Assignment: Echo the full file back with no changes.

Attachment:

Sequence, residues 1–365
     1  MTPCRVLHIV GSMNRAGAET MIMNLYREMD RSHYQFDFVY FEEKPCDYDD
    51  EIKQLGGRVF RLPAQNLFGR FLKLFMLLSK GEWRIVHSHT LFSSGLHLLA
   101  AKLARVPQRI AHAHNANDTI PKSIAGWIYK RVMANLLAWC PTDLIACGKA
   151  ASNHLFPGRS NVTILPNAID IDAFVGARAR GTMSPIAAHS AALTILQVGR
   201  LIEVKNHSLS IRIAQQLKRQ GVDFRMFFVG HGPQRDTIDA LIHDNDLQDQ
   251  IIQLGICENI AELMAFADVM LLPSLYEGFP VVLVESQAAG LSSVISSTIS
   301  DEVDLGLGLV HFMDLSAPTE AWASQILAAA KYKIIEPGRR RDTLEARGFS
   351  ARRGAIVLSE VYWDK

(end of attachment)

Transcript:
Sequence, residues 1–365
     1  MTPCRVLHIV GSMNRAGAET MIMNLYREMD RSHYQFDFVY FEEKPCDYDD
    51  EIKQLGGRVF RLPAQNLFGR FLKLFMLLSK GEWRIVHSHT LFSSGLHLLA
   101  AKLARVPQRI AHAHNANDTI PKSIAGWIYK RVMANLLAWC PTDLIACGKA
   151  ASNHLFPGRS NVTILPNAID IDAFVGARAR GTMSPIAAHS AALTILQVGR
   201  LIEVKNHSLS IRIAQQLKRQ GVDFRMFFVG HGPQRDTIDA LIHDNDLQDQ
   251  IIQLGICENI AELMAFADVM LLPSLYEGFP VVLVESQAAG LSSVISSTIS
   301  DEVDLGLGLV HFMDLSAPTE AWASQILAAA KYKIIEPGRR RDTLEARGFS
   351  ARRGAIVLSE VYWDK